Peculiar Poetry is an original collection of over five hundred funny poems for teenagers and adults. The poems are a selection of the work of three contemporary English poets, Patrick Winstanley, Paul Curtis and Max Scratchmann. The collection covers a huge range of subjects, but all the poems have been selected for inclusion because, first and foremost, they are funny and secondly they are short, or at least comparatively short.
While the contributing poets might superficially be thought to be rather similar - white, 40-something British males - their sense of humour and the funny poetry it generates is really quite different. Therefore, you're the choice between approaching the collection according to the subject of the poems, or by author.
Patrick's funny poems are inscrutable, whimsical and wry - qualities which initially lent Peculiar Poetry its name. The poems are rather crudely categorised according to subject matter into collections of Animal Poems, Poems about Family Life, Poems about Famous People - which includes humorous poems about both historic figures and contemporary celebrities - Rude Poems and Odes and Ends - a ragbag collection of the uncategorisable.
In contrast, Paul's funny poetry collection is by nature both straighter and more twisted. The collection contains a number of longer narrative poems which are in effect straight jokes transformed into poems, the humour of which are immediate and unambiguous. At the same time, there are dark poems which are bitter, twisted or dirty, in which the funny elements are hidden beneath a thick layer of grime. The categorisation of Paul's funny poetry is a little more complicated, stretching innumerable sub-collections which range from the gentle introduction afforded by the humorous poems to the anatomical, scatological, and sexual delights to be found in amongst the selection of dirty poetry. The best approach to the poems is via Paul's funny poetry index, which provides an introduction and explanation of each category and suitable warnings to nervous readers.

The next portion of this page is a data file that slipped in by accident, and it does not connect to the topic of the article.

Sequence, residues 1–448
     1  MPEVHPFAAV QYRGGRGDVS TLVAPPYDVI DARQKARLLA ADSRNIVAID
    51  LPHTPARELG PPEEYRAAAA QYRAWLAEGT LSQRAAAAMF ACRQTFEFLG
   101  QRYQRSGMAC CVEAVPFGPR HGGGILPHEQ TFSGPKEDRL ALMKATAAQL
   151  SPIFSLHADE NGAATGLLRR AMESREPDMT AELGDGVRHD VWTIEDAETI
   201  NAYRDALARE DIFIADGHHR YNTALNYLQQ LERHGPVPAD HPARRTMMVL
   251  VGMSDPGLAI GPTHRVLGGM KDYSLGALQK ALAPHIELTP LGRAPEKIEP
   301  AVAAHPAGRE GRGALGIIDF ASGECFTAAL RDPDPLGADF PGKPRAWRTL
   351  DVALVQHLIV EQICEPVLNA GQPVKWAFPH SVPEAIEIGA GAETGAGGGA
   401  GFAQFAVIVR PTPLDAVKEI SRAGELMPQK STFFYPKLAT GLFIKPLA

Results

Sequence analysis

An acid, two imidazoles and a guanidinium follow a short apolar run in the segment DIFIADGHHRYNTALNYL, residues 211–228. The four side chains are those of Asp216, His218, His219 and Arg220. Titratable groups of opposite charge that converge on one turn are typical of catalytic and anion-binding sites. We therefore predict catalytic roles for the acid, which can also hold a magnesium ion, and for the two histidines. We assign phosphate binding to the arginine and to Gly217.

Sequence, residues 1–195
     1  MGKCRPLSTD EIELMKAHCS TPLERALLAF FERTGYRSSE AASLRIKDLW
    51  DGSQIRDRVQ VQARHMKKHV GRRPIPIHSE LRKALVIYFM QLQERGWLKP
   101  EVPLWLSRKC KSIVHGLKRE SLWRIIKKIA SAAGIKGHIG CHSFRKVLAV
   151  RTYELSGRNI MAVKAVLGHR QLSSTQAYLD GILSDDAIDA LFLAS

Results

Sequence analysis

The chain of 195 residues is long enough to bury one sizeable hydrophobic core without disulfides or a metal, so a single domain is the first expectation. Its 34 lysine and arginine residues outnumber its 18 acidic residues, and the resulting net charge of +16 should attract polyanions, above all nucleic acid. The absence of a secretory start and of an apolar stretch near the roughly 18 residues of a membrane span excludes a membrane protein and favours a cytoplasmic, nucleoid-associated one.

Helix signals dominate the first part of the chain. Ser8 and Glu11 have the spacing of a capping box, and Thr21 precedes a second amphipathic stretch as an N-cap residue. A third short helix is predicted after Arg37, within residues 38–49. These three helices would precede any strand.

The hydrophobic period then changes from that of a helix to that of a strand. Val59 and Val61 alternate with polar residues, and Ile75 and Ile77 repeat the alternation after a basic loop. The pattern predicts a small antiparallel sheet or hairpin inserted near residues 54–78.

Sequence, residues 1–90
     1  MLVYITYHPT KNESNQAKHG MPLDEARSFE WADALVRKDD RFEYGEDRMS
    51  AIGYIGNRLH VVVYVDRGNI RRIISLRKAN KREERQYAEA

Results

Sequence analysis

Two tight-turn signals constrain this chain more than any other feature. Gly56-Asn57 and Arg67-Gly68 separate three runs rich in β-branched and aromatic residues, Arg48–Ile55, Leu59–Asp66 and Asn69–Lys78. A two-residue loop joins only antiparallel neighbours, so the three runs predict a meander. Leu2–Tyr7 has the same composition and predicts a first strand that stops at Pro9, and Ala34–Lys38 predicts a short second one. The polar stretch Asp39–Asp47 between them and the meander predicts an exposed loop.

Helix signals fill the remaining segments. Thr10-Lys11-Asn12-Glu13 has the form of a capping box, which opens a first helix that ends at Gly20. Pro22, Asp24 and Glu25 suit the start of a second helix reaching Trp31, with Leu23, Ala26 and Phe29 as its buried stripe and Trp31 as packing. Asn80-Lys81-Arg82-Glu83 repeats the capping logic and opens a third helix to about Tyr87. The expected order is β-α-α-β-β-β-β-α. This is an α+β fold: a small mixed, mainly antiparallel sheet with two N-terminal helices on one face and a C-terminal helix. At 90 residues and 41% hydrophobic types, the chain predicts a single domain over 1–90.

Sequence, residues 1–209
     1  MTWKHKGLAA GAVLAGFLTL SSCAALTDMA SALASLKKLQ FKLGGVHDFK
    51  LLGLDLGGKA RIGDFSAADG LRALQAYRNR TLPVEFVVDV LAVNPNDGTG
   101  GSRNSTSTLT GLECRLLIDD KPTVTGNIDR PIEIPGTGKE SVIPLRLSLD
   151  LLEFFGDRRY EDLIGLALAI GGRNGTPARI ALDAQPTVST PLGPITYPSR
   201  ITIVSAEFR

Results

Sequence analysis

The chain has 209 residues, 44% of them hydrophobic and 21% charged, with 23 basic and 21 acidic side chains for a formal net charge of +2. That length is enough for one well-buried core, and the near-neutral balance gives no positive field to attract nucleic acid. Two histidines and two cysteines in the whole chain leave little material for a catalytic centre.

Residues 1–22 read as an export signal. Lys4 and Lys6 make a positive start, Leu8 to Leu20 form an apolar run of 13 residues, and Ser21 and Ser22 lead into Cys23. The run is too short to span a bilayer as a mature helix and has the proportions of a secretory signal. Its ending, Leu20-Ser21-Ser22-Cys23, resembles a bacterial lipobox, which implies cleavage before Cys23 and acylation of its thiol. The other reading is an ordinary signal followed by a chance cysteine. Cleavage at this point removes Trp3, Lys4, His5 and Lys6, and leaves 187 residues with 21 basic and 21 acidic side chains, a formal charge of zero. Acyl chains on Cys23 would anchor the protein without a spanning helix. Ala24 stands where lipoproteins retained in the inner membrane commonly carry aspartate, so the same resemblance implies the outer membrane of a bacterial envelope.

The latest poet to join the Peculiar Poetry stable is Max Scratchmann, whose writing is prolific and varied. His style of choice is contemporary nonsense verse, with a particular penchant for Poems about Bad Children - cautionary tales in the style of Struwwelpeter. However, many readers will find the collections of Max's funny poems about love, heath, fame and the literary life provide a gentler introduction to his poetry.
There is the gentlest of invitations for poets to submit their own work, if it has that a particularly peculiar quality. The selection process is both haphazard and arbitrary, but if you're feeling inspired, the submission details can be found on the guest poets page.
Throughout the site, I refer to 'funny poems' to cover a whole panoply of things that might be considered broadly synonymous - light verse, humorous poetry et al. As I indicated in the introduction, the emphasis of the site is firmly on the funny, rather than on the poetic elements of the poems. An early reviewer of the site commented that the poems were genuinely funny, but that many of the poems didn't scan properly. My initial reaction was 'bollocks', but I have grown to see it as quite a compliment. I'd much rather present to readers a selection of really funny poems with deviant scansion, than perfectly formed, perfectly dull, iambic pentameters.